Hi...I suppose this has been addressed before, but thought I'd throw it out
again: I have a nice '75 with auto....I'm wondering what expense would be
involved in dropping in a 4-speed. I'm aware of what has to be done
physically, but not sure if it's practical financially, or who does this
stuff around Boston. I've seen the Keisler kits for 5 and 6 speed, but think
that's overkill for my weekend/down to the beach driving. Little highway
Any input appreciated!
. I've seen the Keisler kits for 5 and 6 speed, but think
Keisler has the complete setup, if your going to do it - do it right.
the 5 speed was a trmendus imorovement to my 79
If you want the 4 speed I still have mine along with the shifter and bell
housing, youll need to round up the rest
I'll second that and add that's I did it once with a donor car. Never
again, not worth the time or money. Not a big modification but still
not worth the grief. I would still own my '72 if it had the automatic
but that's me and probably my age talking.
==========================================Not going to be cheap, especially since I got the imopression that you
were going to farm out the job to a local shop... rather then to do
the installation yourself...
If that is the case you will be much better off "financially" selling
the auto and buying a 4 speed car in my opinion...
As to how hard it is to do....Not exceptionally hard...I've converted
a Chevelle and did not run into any problems.
Just my opinion....If you were doing the job yourself, and you had
access to a parts car etc..it can be done pretty cheaply...Thats
the route I took with the 68 Chevelle I converted...
I think Keislers conversion kit is about $6k auto to 4 spd
Donor car may be hard to find, but 4 speed itself shouldn't be hard to get
A vette salvage yard may help
Expensive would be Ecklers , corvette America etc for all new parts / sans
of course you now have an auto set up to recoup some of your expenses too
============================================The operative word you used was 'expense.'
Mere mention of finances makes me agree with Bob on this one. Another,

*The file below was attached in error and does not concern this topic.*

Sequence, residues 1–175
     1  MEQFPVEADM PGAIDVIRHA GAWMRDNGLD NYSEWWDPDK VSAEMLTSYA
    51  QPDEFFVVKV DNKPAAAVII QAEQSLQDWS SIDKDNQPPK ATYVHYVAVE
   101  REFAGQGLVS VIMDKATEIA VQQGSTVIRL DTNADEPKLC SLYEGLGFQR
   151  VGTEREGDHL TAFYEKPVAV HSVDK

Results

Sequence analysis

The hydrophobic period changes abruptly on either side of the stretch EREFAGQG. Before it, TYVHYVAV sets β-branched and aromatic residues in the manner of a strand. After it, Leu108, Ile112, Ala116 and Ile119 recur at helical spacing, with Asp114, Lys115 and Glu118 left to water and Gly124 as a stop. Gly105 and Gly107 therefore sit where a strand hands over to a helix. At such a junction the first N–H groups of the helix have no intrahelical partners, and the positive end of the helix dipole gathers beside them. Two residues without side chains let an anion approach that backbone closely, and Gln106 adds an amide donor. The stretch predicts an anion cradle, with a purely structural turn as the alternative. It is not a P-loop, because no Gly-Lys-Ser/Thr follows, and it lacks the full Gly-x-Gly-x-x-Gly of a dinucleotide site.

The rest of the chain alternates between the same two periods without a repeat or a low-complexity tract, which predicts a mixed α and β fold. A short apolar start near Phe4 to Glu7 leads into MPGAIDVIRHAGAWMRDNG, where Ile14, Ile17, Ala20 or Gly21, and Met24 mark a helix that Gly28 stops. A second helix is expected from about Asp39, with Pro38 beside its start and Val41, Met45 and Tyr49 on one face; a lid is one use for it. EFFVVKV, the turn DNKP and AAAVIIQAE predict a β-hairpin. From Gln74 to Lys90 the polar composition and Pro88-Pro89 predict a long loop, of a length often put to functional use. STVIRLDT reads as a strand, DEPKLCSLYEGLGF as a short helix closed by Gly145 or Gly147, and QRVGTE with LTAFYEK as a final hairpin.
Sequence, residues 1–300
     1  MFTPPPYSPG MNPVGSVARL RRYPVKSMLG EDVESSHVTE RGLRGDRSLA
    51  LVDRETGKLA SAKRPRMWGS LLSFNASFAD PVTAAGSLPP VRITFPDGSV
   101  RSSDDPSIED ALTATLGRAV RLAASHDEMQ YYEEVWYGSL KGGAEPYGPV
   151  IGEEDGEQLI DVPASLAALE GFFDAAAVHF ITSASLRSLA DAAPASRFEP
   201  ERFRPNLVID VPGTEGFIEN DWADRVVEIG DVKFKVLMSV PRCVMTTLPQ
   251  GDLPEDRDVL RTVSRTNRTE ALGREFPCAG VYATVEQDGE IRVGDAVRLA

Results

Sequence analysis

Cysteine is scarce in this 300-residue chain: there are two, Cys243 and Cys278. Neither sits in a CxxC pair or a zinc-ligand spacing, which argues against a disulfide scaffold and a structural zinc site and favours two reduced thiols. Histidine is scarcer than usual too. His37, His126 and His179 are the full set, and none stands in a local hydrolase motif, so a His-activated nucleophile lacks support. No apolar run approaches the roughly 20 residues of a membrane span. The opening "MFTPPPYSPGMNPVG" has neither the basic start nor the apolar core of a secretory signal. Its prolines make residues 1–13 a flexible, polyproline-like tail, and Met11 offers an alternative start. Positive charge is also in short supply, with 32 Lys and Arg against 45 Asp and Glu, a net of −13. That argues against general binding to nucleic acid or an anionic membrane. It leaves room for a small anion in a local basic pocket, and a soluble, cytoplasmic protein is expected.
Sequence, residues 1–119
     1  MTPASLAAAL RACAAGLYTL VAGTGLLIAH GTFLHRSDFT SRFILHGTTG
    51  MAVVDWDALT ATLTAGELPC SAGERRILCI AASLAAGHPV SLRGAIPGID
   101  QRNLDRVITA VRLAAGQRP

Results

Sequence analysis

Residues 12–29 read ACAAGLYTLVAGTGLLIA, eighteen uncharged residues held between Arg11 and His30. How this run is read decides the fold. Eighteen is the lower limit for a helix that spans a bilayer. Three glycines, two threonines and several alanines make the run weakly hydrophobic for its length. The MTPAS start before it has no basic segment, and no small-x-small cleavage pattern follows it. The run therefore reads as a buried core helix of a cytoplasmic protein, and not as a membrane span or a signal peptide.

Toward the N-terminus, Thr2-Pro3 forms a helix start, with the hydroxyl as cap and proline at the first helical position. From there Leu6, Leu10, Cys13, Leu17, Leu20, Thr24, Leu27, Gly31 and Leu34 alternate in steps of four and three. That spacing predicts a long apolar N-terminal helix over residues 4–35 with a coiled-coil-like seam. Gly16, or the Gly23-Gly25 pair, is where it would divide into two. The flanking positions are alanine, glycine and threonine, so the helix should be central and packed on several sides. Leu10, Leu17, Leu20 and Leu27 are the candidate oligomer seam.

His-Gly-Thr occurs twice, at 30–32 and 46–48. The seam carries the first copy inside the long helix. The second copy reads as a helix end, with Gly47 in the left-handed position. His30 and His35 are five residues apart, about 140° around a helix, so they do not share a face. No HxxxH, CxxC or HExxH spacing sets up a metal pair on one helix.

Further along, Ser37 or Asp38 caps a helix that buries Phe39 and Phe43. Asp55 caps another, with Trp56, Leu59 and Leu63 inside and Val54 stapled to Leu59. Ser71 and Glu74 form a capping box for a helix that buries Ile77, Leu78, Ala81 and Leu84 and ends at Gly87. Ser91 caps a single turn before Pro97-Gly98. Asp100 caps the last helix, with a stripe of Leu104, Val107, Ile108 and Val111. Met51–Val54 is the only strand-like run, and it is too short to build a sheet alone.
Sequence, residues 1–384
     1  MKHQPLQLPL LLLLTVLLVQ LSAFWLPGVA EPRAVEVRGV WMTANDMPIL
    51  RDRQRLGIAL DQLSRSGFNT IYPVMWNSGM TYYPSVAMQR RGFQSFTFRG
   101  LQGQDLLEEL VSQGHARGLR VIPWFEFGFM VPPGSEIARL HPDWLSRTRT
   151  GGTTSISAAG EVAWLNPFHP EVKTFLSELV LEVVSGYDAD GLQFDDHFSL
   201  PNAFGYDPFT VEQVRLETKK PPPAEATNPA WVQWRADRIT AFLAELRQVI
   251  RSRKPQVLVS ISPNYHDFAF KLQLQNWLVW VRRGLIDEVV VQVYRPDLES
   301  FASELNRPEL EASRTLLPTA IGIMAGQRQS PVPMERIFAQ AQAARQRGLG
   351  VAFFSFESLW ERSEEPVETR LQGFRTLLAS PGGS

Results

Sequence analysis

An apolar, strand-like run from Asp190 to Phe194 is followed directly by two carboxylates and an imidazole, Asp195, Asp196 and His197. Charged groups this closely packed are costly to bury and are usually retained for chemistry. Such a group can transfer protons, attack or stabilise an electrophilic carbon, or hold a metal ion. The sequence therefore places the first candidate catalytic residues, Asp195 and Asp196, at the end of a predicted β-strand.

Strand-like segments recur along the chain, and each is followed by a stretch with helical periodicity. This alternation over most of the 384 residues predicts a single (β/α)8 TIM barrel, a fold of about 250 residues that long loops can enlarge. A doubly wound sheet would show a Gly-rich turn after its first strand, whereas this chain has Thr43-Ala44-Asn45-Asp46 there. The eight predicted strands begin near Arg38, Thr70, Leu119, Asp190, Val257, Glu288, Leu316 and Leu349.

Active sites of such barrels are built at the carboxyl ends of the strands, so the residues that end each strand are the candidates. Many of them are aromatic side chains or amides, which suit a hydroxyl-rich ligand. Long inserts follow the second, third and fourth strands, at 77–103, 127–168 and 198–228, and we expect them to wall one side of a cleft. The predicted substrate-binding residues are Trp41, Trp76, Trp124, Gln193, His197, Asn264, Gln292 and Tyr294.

on the tip of your tongue is probably, 'estimate' -- wrong! That word
is spelled G-U-E-S-S.
When the 'bolt-ons' & adapter plates fit as advertised, it's nice. When
they don't you get into welding (very dusty) and machine shop work
(expensive). Two weeks ago, I had a 13/16" hole machined into an
adapter plate for my floor jack. -- $ 42. (Six minutes of setup, six
minutes of machine time, five minutes to clean it up & write the work
invoice--lowest priced shop in town.)
In '57 I had a spare car and did a Dynaflow to 4-speed
conversion--wanted a 'sleeper' for street use. (Personality disorder.)
Job turned south when I had it all apart and found that the kits were
made for an 'early' production car and my '54 was at the tail end of the
run. There were no kit pieces for 'late production' cars. The parts
guys at dealerships found parts that would 'adapt' the car back to fit
the aftermarket stuff. I did much of the machining in the ships machine
shop. Close work was farmed out since shipboard lathes aren't level and
cut tapers. The welding was all farmed out--PJ doesn't weld, PJ burns
When finished, it was a fun car and it worked for me. The liberal
'guess' of $385 had more than doubled. Steep for a car worth about
$1600. (Multiply these prices by something between 8 & 12 to get some
If you farm out jobs in a metropolitan area, those jobs turn into a
series of phone calls, parts searches and having your car moved around
the property during work stoppages. You may have to have the car hauled
cross-town. The car picks up shop dust and the surfaces get scuffed
from people brushing against the car cover when it's temporarily in the
back lot. Then, there's the matter of unexpected welding that causes
During the work, the words are, "I can't go backward on this. I'll
spend the extra few bucks to finish the job right," etc.
Or, forget 'expense,' 'finance,' and 'estimate.' Take the car to a
respected Corvette shop, tell em what you want and sign them a blank check.
Hope this helps.
'89 Hookercar '02 e-blu 6-spd coupe
If you just want a change, have you considered a beefed up 700R4 auto
w/od? It can be made to shift without computers, has lower 'start-off'
gears, and can be built to shift really as hard as a 4-speed. No comparison
to the 350/400 autos! Fun to drive, to manually shift, not to mention fuel
economy on a long haul. AND: a much cheaper and more straightforward
modification. HTH, s
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